Author Topic: A Glance at Midnight  (Read 321 times)

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Slimebeast

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on: 06:41:50 PM 11/15/18
The Eyejacker.

That's what the newspapers called him. It felt like every bad super-hero story. Like some cigar-chomping tool at the local Tribune slapped on a random name he pulled out of his ass.

Picturing an editor trying to come up with a catchy name for my sister's killer gives me a rage headache. I now know how every victim feels when they see the media lifting a criminal to celebrity status. I didn't understand that line of reasoning before.

So, basically, I'm writing this now as a sort of counter against that mindset.

When I arrived at my sister's house that night, I expected nothing other than to console her over the loss of our mother. Mom had passed away a couple weeks prior, and, being all but a shut-in, sis had no one else to talk to when a bout of depression hit.

I had brought a bottle of wine. I don't remember what kind. Getting drunk and watching old home videos seemed work in the past. There's only so much you can grieve before your body shuts down from exhaustion, and there was really nothing I knew how to do other than helping that point arrive a bit sooner.

I rang the doorbell two or three times. No answer. Now, she had never tried to take her life in the past, but given the situation, the possibility was on my mind. I didn't think it was likely enough to immediately call 911 on the spot, but it was just possible enough to send me into a small panic.

I checked the back door and the windows. Just like the front door, they were all locked tight. The house had belonged to out parents, and I had spent a few nights trying to figure out how to sneak back in after a night of teenage debauchery. A quick shimmy up some lattice work, and I was able to try the second story.

The bathroom window was wide open.

It was a cold night. It was November.

I didn't feel the chill of the night until I saw that open window and the curtains fluttering inside. Then, all at once, the icy wind and crisp bite of the air hit me like an injection of ice water in my veins.

Climbing in, I noticed dirty, black boot prints on the otherwise spotless bathroom tile. Work boots. Men's boots. Size thirteen or more.

I called the police immediately and was told to stay in the bathroom until the authorities arrived. The dispatcher was very insistent, cutting through my random, dumbfounded gibberish with that same clear message. Over and over again.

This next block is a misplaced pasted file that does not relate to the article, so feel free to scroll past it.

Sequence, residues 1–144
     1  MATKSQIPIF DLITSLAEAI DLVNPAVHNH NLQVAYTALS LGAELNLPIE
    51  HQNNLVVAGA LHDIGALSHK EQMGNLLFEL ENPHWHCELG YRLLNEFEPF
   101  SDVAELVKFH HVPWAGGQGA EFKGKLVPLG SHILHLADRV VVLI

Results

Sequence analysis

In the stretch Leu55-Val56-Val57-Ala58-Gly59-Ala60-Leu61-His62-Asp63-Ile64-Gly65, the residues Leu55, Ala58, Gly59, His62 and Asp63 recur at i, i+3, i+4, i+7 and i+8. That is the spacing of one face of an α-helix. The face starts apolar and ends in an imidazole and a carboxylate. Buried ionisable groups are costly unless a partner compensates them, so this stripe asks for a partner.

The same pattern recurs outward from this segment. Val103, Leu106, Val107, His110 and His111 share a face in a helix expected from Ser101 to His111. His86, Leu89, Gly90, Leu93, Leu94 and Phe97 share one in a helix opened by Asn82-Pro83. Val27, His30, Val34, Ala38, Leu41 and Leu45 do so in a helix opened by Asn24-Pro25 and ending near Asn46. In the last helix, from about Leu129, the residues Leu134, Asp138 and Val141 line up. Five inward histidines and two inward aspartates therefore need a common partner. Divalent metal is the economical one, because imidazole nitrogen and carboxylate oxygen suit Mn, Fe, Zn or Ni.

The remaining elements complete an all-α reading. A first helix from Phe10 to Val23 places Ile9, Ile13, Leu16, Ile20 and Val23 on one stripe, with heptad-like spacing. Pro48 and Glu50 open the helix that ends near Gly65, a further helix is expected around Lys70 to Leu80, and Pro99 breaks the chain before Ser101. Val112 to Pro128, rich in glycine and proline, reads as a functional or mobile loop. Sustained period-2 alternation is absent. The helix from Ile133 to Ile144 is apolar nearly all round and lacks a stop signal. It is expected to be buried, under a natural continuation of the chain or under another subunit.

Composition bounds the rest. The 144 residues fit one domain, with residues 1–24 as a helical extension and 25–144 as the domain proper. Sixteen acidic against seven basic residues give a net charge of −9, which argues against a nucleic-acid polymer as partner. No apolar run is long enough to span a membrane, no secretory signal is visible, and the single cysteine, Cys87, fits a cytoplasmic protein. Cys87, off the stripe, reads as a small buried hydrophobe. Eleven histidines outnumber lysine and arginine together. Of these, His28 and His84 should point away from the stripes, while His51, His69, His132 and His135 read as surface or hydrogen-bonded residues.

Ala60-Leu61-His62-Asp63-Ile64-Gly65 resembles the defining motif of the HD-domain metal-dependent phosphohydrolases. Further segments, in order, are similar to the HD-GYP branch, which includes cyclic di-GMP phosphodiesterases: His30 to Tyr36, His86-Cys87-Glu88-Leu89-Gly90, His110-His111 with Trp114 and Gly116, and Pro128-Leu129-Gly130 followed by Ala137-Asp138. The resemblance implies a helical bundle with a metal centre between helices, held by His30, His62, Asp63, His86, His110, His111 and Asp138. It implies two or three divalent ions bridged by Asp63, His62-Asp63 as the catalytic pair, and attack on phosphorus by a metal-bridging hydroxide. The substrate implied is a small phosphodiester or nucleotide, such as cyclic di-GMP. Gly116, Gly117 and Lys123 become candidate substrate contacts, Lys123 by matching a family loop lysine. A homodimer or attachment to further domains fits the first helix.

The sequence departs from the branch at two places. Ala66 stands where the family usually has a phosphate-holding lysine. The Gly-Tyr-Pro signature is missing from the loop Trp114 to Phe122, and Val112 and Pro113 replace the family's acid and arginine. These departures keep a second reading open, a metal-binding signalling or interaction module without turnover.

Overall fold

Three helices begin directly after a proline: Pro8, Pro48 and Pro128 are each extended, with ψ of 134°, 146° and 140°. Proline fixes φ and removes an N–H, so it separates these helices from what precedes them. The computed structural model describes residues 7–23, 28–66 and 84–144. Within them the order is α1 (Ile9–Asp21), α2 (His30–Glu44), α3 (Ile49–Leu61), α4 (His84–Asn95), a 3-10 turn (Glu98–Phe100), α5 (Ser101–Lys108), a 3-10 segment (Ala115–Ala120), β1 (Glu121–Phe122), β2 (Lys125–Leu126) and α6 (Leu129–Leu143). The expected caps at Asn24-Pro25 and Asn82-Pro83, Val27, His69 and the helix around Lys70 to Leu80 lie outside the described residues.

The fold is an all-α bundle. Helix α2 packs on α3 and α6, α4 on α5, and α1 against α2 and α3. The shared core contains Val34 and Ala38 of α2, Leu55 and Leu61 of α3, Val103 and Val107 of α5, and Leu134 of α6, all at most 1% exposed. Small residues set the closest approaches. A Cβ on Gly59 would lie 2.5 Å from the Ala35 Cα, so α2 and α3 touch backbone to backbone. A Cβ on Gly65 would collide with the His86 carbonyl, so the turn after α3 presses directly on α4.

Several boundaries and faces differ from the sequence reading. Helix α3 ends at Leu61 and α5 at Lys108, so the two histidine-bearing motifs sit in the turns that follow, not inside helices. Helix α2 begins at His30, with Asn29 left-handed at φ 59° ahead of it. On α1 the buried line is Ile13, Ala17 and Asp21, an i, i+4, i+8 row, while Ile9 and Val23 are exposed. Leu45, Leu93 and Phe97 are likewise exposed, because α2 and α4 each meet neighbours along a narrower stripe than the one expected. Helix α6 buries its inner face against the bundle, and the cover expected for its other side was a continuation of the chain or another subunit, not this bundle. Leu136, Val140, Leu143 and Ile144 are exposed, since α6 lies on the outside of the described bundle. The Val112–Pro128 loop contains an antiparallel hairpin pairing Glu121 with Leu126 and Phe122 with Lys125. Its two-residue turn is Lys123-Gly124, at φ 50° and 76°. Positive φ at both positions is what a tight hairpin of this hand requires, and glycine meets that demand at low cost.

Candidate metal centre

I made my way through the dark upstairs hallway, having traded my phone for a glimmering pair of scissors from the bathroom counter.

I didn't know whether to call out or stay quiet. The debate raged back and forth in my brain. If I called out, maybe I would be told everything was actually alright. Maybe sis had finally met the girl of her dreams online. A very large woman with very large feet, who worked a hard job and tracked it in the house with her. That didn't explain why she would've come in through the window, so it seemed implausible.

It was just as likely to think that if I called out, whoever had broken into the house would kill my sister, my only surviving family member... my only true friend, really... before fleeing into the night.

Maybe calling out would scare him away and save her.

I couldn't sort it out in my head, and in the end, staying silent and trying to assess the situation won out by default.

By the time I reached her bedroom, I knew in my heart that she was already dead. I can't explain it. It's not one of those strange sibling things where twins feel each other's pain or whatever. It was just the overall stillness of the house. The silence, the lack of a running television or radio despite all the lights being on.

I knew, absolutely knew, that even if my sister was in the house, she wasn't home.

The pent-up dread in my heart gave life to a burst of adrenaline as I all but kicked open her bedroom door. The clatter and slam surprised me - almost as much as it surprised the man crouched over my sister's bed.

He was dressed in black sweat clothes. Black gloves made somehow darker by the dampness of blood. He wore a blue ski mask, its eye holes stained with what looked like rivulets of black mascara. The goo seemed infected. Thick, like tar.